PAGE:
Aguirre's style is more often compared with Adrian Dantley's, but though there are some similarities—mostly physical ones, since Dantley, on occasion, has been pudgy, too—Aguirre's game is largely his own invention. With his friend Skip Dillard, who is now playing at Casper (Wyo.) Junior College, Aguirre used to show up at the playgrounds at two in the afternoon and not quit until three in the morning. "When it was bitter cold and the snow was falling," Aguirre says, "we'd shovel the court clean and then shoot some more. We were desperate to play." At Austin High School, Aguirre was what could generously be described as an indifferent student. Mostly he didn't go to class. "I just slept all day and showed up at 3:15 for practice," he says. "I was going about everything the wrong way, letting myself be influenced by the wrong people. If I had stayed at Austin, I probably wouldn't even have finished high school."
When his coach at Austin was fired, Aguirre transferred to Westinghouse High, whose team he led to the Chicago Public League championship his senior year. And it was there that he began hitting the books and getting a B average. It was also there that he began to put on weight. "I think my worst problem was that the Westinghouse coach was Italian," Aguirre says, "and I like Italian food. His wife would cook enough stuff to feed a battalion. When you were finished, you could practically roll away from the table."
Aguirre's mother Mary is no slouch in the kitchen, either. In October, when Meyer was still trying to burn the baby fat off his star pupil, he was flabbergasted one day to see Mary show up at practice carrying two bags loaded with things like fried chicken, chocolate cake, ice cream and potato chips. "If you'll just give me the key to Mark's room," she said, "I'll drop off these goodies for him." Meyer forthwith made sure that word got back to Aguirre's mother that there was to be an embargo on the flow of goodies. Even that edict, however, was not the solution Meyer hoped it would be. "We'd take seven pounds off Mark during the week," Meyer says, "then he'd' go home for a weekend and his mother would put it all back on him."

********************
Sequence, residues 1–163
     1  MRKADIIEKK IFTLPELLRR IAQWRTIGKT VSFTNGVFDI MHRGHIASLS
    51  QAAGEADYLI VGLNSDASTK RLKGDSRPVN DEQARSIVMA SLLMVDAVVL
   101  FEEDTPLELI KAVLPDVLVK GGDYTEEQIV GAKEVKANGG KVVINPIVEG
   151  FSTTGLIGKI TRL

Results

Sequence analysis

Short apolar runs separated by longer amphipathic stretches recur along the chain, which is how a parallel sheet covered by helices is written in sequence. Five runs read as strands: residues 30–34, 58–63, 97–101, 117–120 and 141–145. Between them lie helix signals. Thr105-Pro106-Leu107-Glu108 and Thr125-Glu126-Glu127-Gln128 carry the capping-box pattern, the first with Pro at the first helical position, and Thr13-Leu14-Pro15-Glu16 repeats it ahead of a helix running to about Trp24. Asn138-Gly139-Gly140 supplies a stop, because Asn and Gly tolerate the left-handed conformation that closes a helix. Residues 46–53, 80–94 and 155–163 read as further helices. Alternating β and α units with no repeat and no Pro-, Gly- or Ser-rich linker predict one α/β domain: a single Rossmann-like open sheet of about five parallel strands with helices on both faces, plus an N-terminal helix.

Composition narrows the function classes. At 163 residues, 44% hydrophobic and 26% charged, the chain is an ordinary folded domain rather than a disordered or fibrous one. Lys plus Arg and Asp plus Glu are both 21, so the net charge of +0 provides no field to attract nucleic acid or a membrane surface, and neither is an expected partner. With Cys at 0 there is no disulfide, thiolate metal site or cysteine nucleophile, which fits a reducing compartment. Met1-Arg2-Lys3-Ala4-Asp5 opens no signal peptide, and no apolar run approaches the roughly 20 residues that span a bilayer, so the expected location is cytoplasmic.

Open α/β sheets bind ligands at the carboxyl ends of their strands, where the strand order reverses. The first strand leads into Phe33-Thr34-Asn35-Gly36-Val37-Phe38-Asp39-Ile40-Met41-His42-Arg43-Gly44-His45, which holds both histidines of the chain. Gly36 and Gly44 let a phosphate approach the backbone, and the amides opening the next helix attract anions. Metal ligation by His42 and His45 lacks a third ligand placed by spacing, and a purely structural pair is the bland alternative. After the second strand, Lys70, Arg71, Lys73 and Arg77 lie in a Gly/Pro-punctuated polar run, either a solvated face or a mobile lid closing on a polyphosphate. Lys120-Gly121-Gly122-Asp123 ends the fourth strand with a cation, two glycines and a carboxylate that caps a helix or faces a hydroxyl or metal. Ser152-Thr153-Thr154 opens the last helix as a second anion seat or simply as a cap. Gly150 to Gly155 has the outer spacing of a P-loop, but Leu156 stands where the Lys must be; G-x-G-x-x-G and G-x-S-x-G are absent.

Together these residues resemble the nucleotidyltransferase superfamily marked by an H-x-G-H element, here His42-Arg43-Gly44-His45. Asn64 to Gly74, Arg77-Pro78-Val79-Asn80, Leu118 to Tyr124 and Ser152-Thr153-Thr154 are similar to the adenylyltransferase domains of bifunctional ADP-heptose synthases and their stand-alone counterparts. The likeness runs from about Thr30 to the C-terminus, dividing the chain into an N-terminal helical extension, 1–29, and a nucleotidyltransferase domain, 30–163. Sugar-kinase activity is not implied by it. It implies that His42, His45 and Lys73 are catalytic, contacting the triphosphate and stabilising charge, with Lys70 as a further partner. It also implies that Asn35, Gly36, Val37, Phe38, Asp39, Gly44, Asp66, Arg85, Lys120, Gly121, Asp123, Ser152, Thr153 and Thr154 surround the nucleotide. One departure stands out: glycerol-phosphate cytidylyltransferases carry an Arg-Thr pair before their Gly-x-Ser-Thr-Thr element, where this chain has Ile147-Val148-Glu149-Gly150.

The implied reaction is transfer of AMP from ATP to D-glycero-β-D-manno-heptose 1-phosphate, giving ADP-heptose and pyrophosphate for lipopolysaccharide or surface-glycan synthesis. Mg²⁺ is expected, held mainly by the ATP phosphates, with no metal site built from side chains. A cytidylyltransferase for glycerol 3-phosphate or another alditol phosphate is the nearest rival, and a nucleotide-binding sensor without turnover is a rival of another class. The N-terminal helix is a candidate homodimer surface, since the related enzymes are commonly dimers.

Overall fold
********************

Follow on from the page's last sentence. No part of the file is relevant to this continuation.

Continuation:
As things have worked out, Aguirre has needed most of his bulk to survive the knocks; almost all of DePaul's opponents have bullied him physically in an effort to neutralize his effectiveness under the basket. Aguirre came out of the 84-78 victory over Wisconsin with a black eye, a bloody nose and a split lip. "First we'll teach him how to take the punishment," says Meyer, who once taught young George Mikan the same lessons, "then we'll teach him how to give it back."
Aguirre is not all flab. He is so strong that he can soar to the basket and score with a defender hanging on his arm. Against Air Force, Aguirre gathered in a pass at the end of a fast break, held the ball outstretched in his right hand as he became airborne and hammered a windmill dunk on the head of some poor cadet who attempted to interfere with the proceedings. It was just one of four three-point-play opportunities he got against the Falcons.
That play also confirmed Meyer's description of Aguirre's hands as being "the size of toilet seats." He can control the ball completely with either one, which frees him to pull off all manner of twisting one-handed finger rolls and emphatic dunks. With DePaul leading Air Force 36-19, Aguirre took the ball on the dead run at the foul line and raced down the sideline. Then—whoosh!—he was aloft like a Boeing 747, his wings outstretched as he sliced between two defenders. Aguirre dipped his head slightly as he turned his palm and the ball upward and rolled the ball gently into the basket.
"Aguirre is one of the top prospects in the country," Air Force Coach Hank Egan said after Aguirre had hit on 10 of 17 shots while scoring a routine 22 points. "His control of the ball is incredible, and his court sense is excellent for someone his age. Just think how good he could be if he lost a few pounds."